There were several types of camps, and different Jews were sent to different camps depending on age, gender and other factors. First of all there were extermination camps, also known as death camps. Old people, children, the majority of women, disabled people and other people not suited for work were sent to these camps to be executed. Mostly young men were sent to the so called work camps, where they were forced to work long days without much food and without getting paid. When their time at these work camps was over, they were sent to the extermination camps to get killed. The well developed railway system made it possible and easier to arrange transports from all over Europe to the Polish and German camps, where people mysteriously disappeared.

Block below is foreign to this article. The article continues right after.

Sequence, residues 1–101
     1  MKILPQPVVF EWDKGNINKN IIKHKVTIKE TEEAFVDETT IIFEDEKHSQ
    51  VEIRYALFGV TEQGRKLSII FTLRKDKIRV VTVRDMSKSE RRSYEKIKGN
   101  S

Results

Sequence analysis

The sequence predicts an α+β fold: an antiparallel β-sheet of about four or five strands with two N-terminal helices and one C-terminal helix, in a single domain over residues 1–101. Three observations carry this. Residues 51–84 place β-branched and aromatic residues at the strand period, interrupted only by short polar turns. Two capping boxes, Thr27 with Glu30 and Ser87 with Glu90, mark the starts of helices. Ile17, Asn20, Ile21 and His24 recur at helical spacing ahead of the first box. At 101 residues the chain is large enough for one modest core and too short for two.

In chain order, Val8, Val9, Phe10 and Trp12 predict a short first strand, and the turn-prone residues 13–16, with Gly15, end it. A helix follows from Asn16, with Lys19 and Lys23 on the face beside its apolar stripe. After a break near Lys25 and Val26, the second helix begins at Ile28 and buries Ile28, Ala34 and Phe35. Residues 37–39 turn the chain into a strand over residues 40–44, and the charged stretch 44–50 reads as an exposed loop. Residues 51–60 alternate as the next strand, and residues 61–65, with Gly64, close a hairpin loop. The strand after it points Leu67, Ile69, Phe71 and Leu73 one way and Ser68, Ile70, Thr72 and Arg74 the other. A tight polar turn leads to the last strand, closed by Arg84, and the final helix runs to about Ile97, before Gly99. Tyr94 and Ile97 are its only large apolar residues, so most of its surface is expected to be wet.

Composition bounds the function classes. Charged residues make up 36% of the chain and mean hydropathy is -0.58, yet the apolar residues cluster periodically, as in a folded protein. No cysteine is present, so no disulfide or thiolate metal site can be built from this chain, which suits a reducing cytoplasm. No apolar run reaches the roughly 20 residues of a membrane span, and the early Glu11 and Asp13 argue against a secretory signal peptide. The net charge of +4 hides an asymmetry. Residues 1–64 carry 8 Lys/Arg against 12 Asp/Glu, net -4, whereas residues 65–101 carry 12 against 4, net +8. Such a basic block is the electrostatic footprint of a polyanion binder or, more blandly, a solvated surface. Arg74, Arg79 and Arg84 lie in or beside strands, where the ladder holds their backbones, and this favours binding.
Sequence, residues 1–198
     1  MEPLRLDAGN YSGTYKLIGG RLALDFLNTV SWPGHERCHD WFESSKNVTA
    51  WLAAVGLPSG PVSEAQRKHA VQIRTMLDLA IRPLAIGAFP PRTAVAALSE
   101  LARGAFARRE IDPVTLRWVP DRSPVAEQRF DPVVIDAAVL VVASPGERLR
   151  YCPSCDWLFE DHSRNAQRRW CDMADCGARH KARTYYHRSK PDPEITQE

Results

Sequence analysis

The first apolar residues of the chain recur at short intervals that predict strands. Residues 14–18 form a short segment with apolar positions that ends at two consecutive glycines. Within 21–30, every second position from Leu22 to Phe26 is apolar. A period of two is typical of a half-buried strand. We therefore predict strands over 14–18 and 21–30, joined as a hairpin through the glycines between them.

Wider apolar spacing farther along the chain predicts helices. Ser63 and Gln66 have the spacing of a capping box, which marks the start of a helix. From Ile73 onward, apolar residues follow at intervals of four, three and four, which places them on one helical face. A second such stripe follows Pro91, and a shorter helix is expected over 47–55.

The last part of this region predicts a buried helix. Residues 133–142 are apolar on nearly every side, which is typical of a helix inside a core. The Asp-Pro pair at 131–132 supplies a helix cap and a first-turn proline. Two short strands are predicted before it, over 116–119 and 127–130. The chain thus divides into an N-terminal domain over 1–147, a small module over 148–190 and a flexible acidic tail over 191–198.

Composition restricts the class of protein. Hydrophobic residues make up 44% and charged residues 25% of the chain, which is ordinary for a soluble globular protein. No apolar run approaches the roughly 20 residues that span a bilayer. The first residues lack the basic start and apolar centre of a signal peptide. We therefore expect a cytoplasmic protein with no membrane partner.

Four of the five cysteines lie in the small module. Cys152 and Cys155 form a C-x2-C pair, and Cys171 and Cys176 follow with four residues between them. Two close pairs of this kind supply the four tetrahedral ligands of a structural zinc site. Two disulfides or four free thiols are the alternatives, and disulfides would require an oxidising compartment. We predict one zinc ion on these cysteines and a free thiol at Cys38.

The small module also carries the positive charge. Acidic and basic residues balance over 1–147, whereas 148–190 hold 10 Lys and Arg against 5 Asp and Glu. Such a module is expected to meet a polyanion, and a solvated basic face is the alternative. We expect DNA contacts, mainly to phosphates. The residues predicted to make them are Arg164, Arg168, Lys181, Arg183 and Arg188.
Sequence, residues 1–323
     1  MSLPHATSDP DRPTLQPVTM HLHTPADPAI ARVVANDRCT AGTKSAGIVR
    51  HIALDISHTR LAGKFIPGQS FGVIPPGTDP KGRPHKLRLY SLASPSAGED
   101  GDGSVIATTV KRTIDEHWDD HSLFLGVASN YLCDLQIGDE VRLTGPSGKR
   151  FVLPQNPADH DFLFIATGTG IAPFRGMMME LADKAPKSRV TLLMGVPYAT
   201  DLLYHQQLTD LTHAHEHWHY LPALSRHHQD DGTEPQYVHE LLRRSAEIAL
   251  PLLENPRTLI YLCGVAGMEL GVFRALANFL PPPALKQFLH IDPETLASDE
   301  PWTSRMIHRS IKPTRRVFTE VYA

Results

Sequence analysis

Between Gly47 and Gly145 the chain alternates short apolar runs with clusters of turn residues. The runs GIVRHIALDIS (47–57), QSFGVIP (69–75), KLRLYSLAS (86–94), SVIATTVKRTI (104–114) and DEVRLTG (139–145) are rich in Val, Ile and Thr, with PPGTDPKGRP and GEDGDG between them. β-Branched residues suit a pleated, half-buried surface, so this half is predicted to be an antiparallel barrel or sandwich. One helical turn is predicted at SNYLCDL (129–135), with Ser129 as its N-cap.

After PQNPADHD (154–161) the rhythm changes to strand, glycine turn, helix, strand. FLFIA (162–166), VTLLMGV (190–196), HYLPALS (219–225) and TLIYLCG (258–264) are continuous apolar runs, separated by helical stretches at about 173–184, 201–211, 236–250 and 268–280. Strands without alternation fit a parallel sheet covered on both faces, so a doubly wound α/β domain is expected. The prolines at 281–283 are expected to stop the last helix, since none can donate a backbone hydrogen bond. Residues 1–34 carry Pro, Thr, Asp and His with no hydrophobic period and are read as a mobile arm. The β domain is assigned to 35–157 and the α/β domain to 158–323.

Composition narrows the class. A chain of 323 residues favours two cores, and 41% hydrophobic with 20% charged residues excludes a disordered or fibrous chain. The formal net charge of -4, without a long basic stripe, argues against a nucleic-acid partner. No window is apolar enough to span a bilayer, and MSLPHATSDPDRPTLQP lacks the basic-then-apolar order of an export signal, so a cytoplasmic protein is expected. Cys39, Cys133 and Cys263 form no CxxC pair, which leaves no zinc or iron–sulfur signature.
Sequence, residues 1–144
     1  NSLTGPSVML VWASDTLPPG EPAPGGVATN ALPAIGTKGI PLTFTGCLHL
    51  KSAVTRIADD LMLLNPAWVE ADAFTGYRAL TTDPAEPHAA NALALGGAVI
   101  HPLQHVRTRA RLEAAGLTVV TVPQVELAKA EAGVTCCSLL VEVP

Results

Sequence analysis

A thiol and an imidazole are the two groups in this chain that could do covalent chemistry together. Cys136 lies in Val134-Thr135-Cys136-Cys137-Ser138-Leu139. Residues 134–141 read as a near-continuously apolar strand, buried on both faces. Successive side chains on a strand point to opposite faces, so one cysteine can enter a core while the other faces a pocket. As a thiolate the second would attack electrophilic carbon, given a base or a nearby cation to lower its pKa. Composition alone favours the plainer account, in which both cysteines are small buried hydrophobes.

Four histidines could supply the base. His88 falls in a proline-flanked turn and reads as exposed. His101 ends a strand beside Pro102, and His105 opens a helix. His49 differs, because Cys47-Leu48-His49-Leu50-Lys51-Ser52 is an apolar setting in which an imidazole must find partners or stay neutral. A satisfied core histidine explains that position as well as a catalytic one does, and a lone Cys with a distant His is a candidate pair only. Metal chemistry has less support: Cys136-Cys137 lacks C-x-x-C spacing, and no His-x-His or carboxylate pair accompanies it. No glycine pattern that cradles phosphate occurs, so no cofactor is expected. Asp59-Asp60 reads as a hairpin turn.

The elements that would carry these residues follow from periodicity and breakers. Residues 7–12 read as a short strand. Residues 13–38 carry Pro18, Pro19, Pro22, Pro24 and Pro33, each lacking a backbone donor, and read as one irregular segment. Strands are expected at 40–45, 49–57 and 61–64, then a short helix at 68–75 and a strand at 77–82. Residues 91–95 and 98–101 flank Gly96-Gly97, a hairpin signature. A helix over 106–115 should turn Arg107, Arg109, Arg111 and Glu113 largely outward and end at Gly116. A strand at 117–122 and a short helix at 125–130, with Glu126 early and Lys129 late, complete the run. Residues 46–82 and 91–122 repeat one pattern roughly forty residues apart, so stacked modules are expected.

The Jews in the west, southern and northern parts of Europe could not be killed in their own countries, due to the fact that the german occupiers depended on the support from the civilian population. Also, Hitler and other leaders made it clear that these executions had to happen secretly. Because of these reasons, it was decided that the Jews should be transported to certain death camps in mainly Poland. They also realized that it would be way more effective than shooting them one by one. Execution In the beginning of the Holocaust when the bigger mass executions were not yet invented, people were basically shot in mass shootings or starved to death in the ghettos or the concentration camps.